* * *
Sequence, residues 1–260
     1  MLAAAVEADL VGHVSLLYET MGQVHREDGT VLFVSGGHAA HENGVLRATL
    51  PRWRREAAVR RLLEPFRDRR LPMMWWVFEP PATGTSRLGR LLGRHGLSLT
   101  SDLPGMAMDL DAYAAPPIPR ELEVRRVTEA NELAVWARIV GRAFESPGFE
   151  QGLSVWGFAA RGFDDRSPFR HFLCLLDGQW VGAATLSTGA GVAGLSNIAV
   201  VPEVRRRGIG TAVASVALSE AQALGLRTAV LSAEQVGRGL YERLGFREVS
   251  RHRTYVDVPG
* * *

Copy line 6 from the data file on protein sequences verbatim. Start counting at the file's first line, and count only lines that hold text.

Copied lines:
   201  VPEVRRRGIG TAVASVALSE AQALGLRTAV LSAEQVGRGL YERLGFREVS